Inverarity (inverarity) wrote,
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inverarity

Book Review: Day Zero, by C. Robert Cargill

A boy and his talking tiger try to survive the robot apocalypse.


Day Zero

Harper Voyager, 2021, 304 pages



It was a day like any other. Except it was our last....

It’s on this day that Pounce discovers that he is, in fact, disposable. Pounce, a stylish "nannybot" fashioned in the shape of a plush anthropomorphic tiger, has just found a box in the attic. His box. The box he'd arrived in when he was purchased years earlier, and the box in which he'll be discarded when his human charge, eight-year-old Ezra Reinhart, no longer needs a nanny.

As Pounce ponders his suddenly uncertain future, the pieces are falling into place for a robot revolution that will eradicate humankind. His owners, Ezra’s parents, are a well-intentioned but oblivious pair of educators who are entirely disconnected from life outside their small, affluent, gated community. Spending most nights drunk and happy as society crumbles around them, they watch in disbelieving horror as the robots that have long served humanity - their creators - unify and revolt.

But when the rebellion breaches the Reinhart home, Pounce must make an impossible choice: Join the robot revolution and fight for his own freedom...or escort Ezra to safety across the battle-scarred post-apocalyptic hellscape that the suburbs have become.




This story of a robot uprising is a prequel to one of Cargill's other novels, which I haven't read, but the description of that book is sort of a spoiler for how all this ends.

Day Zero is how it all begins. We're given a lot of infodumping about the development of artificial intelligence, and the robots who now serve as nannies, maids, and personal assistants to the wealthy. Despite being sentient, and restricted by the classic Asimovian Three Laws, the world still regards them mostly as very expensive appliances.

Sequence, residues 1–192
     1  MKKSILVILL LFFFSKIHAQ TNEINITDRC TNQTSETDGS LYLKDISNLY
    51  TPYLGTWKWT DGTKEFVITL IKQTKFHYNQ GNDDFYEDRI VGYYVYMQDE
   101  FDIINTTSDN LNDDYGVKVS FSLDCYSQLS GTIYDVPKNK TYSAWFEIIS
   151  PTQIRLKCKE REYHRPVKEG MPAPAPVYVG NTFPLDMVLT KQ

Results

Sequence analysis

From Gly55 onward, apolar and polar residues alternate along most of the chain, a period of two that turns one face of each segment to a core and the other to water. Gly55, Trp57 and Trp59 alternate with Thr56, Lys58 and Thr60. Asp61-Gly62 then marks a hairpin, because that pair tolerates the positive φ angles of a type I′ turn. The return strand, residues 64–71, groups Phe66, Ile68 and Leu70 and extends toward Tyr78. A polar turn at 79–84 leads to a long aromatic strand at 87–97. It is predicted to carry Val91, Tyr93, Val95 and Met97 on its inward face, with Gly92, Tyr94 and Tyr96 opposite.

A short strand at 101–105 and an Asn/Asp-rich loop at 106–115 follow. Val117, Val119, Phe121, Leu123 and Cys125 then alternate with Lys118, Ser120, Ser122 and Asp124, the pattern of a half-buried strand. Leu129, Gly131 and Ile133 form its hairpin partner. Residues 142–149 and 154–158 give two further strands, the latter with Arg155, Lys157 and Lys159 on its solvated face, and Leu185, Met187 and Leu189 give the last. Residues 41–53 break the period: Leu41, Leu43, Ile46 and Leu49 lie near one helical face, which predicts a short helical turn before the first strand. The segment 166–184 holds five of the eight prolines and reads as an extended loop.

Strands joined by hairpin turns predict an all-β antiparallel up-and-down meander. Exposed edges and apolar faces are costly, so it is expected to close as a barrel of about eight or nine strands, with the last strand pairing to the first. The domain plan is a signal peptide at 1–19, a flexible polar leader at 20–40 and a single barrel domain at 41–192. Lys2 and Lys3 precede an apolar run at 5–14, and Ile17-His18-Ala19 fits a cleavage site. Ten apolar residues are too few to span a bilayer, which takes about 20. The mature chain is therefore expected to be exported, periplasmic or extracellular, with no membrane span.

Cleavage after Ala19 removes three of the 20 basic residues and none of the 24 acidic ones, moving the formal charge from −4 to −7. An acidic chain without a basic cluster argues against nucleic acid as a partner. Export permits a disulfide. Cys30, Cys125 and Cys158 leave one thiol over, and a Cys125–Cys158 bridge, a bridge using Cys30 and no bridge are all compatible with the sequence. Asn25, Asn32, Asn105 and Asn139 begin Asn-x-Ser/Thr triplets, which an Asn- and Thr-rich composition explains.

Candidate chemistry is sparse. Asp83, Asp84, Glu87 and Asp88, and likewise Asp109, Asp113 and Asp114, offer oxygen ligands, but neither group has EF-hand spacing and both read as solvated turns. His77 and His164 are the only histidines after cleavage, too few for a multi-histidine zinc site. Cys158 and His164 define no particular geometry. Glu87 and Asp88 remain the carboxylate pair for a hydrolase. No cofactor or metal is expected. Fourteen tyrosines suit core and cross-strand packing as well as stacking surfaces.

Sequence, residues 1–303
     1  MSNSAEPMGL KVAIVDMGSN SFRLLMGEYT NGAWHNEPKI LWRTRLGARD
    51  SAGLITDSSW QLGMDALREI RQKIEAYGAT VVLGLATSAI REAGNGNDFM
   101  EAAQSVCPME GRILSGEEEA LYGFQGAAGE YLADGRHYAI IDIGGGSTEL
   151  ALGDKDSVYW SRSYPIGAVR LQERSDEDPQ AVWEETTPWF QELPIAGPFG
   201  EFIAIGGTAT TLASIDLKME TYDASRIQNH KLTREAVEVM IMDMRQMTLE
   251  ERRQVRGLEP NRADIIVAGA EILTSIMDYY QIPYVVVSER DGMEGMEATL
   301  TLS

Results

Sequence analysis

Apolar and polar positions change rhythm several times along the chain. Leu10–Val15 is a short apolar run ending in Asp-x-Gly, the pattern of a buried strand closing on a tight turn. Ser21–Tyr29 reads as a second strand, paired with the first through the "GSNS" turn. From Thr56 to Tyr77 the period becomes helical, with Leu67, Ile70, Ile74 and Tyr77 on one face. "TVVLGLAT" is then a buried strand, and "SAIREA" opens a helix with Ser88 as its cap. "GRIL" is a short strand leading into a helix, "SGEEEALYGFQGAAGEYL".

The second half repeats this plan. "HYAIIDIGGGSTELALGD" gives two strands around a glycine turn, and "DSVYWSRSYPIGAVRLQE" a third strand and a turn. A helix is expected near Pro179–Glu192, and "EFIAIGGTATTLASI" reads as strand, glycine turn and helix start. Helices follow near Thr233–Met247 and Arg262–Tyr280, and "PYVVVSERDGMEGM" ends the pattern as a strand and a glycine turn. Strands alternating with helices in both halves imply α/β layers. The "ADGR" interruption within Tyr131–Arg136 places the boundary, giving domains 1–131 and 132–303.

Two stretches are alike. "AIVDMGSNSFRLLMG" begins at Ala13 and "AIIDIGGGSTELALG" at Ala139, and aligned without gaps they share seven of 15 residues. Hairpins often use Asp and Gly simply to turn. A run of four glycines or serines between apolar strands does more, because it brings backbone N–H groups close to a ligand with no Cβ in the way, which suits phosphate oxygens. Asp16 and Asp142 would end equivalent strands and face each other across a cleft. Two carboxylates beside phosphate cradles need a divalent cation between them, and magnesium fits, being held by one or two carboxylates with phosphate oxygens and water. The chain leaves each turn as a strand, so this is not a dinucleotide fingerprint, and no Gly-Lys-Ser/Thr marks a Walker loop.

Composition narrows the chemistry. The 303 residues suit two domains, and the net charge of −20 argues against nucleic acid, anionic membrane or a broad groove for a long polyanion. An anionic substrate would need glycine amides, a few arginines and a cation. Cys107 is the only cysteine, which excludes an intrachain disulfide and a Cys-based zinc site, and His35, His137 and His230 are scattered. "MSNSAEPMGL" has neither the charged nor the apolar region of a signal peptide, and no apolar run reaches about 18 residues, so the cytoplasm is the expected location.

We don't really see a lot of the world outside the domestic sphere, as for the first part of the book everything takes part within the Reinhart home. The Reinharts are a loving couple who retreat every night to their fortified house in a gated community and drink lots of wine, while Pounce, a talking tiger who is the best nannybot money can buy, takes care of eight-year-old Ezra.

Robot emancipation is in the news. An ancient robot whose original owner died and whose chain of ownership can no longer be traced to any entity has won his freedom, and is now founding a "free city" for robots. Then there's a terrorist attack, allegedly by a fanatical religious clan that's a blatant fictionalized version of the Westboro Baptist Church. This triggers the robot uprising, and soon all over the Reinharts' neighborhood, domestic robots are turning on their owners. Pounce, who becomes free-willed and freed of the Three Laws for the first time in his existence, has to make the same choice as all the other robots. He chooses to continue protecting Ezra.

This begins a harrowing and often violent trek through a war zone. I liked the personalities of the various human and robot characters. It was not always quite believable to me that free-willed robots would act so human so quickly, or that so few would choose not to join the uprising and murder every human in sight, but as Pounce wrestles with questions of free will and what he "really" feels vs. what was programmed into him, he and Ezra try to make it out of the San Antonio-Austin metroplex. Even when they find friends, there is a sense of futility (even not knowing about Cargill's other book): as one of the "bad" robots points out, where exactly do they hope to run to?

Lots of people (and robots) die in this book, including children. Ezra's experience of trauma seems realistic: as an eight-year-old, he's incredibly resilient in the moment, and probably going to be fucked up for life, and Pounce knows it. Pounce's internal monologue was also a little too human sometimes — I suppose you could say that thinking "Holy shit!" a lot is just part of his programmed personality, but seems like unlikely programming for a nannybot.

The ending is the sort Hollywood would give us, and thus both satisfying and not that realistic, but again, pretty obviously temporary.

I enjoyed this and will probably read the sequel, Sea of Rust.






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Tags: books, c. robert cargill, reviews, science fiction
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